Algorithms have long been driving manufacturing processes and setting the tone for everyday life. And even creativity, which for a long time was considered an unbearable sphere of human activity for artificial intelligence, is giving way to the onslaught of machines. After computers completed the unfinished compositions of Gustav Mahler and Franz Schubert, it was the turn of Ludwig van Beethoven’s Symphony No.10. The world premiere of the work of the German composer, preserved only in isolated sketches and reconstructed with the help of artificial intelligence, took place almost 195 years after Beethoven’s death in Bonn, the city where he was born in 1770.
The computer was taught to compose music in the Beethoven style
Beethoven did not manage to complete his Tenth Symphony until his death in Vienna in 1827 and left only a few short sketches and notes in his drafts. Based on them, a group of experts, which included musicologists and programmers, developed a program using artificial intelligence (AI) technology to fill in the gaps in the existing fragmentary musical material and make it available for performance.
This is what Beethoven’s handwritten drafts look like.
“We must assume that Beethoven took notes when he had new ideas. Sometimes he wrote them down in words and sometimes in notes,” says Matthias Röder, director of the Karajan Institute in Salzburg and head of the international reconstruction project. Symphony No.10 using artificial intelligence. Based on this fragmentary material, the machine and the experts thought together how Beethoven would continue the bars of the music he had already recorded.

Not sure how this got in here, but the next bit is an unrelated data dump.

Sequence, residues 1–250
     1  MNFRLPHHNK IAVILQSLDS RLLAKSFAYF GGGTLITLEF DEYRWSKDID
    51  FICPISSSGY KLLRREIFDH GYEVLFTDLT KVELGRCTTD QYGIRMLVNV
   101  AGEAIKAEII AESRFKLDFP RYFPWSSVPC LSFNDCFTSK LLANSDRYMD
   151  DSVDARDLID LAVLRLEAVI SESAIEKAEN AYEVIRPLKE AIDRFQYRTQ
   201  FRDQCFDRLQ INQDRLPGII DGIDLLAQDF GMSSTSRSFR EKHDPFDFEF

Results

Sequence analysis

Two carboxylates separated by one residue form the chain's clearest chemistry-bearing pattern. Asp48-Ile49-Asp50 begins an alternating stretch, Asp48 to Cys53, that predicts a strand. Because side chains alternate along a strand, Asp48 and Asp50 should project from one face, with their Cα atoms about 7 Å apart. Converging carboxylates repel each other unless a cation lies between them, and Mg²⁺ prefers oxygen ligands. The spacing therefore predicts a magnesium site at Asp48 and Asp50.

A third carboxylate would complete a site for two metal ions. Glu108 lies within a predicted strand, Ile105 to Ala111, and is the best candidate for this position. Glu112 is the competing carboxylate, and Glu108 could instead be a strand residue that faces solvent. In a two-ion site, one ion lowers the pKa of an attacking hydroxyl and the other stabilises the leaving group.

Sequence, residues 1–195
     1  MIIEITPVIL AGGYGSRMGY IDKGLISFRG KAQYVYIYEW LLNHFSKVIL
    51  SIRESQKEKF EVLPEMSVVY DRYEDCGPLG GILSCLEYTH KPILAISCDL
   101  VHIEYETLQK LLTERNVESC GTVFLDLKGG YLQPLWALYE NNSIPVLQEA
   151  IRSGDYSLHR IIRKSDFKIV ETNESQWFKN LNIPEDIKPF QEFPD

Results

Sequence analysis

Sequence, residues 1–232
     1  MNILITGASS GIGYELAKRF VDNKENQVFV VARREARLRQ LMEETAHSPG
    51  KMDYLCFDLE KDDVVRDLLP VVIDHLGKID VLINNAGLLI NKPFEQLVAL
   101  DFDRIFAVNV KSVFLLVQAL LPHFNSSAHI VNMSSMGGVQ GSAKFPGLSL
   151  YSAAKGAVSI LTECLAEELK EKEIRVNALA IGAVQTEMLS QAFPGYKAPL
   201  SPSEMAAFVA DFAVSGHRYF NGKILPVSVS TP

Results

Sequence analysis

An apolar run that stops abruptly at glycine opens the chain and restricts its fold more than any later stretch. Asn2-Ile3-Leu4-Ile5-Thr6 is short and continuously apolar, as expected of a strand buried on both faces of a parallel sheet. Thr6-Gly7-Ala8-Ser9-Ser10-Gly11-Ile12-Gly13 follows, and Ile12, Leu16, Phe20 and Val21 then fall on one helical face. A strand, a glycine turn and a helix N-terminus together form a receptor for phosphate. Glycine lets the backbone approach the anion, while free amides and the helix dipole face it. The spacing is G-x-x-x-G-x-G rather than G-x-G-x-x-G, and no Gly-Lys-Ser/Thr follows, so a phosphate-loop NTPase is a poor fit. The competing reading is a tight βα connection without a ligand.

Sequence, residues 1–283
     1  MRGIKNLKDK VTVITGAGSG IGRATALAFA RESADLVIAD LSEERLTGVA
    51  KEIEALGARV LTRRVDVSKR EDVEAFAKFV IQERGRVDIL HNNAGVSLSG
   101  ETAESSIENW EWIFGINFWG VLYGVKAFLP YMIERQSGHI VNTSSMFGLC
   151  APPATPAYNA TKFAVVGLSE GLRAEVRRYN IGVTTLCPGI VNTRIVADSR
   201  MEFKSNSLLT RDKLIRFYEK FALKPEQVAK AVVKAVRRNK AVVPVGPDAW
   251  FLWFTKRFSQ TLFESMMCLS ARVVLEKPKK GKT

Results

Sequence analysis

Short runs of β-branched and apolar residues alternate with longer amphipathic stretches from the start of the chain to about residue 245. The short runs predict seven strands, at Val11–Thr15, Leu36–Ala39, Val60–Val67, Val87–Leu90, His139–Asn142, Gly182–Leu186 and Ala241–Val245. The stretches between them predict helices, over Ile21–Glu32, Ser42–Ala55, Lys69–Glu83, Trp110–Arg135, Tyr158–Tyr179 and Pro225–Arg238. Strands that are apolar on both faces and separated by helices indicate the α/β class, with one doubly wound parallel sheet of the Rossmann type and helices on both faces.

The machine, which had been taught to compose like Beethoven, put other works of the composer and the music of his contemporaries into its “intellect”, made proposals. Experts considered options for possible further sounding of the fragments, chose the most optimal one and put it back into the system.
“Artificial intelligence offers 20 or even 100 different versions of a sequel. And this is very interesting, because each version has the right to be, if the algorithm works well,” says Professor Robert Levin, a musicologist at Harvard University.
Beethoven Orchestra performed Beethoven’s Tenth Symphony
At a concert in Bonn on 9 October, the best reconstructed version of the alleged unfinished Symphony No. 10 in E flat major was performed by the Bonn City Beethoven Orchestra under the baton of Dirk Kaftan. The guests of the musical evening greeted the music with prolonged enthusiastic applause.
The exponential power of artificial intelligence
The experts of the project, meanwhile, emphasize that they in no way tried to sow doubts about the uniqueness of Beethoven’s musical genius. Reconstruction of the Tenth Symphony using artificial intelligence technology was primarily an experiment designed to show the possibilities of creative cooperation between humans and computers. Conductor Dirk Kaftan personally extinguished expectations, saying: “In a nutshell, this is not Beethoven.”
Nevertheless, experts and computers have created a work that could very well have been born under the pen of Beethoven himself. “Yes, a computer uses algorithms. But a person also relies on his life experience and acquired knowledge and skills. The machine and the person are not so far from each other,” notes musicologist Robert Levin. As this experiment has shown, they complement each other perfectly. For example, the project manager Matthias Röder continues, it is possible not only to create artificial intelligences that own the melody of the Beatles and Mozart, but also to cross them together. The potential of the technology is enormous, and “the range of its capabilities is exponentially expanding.”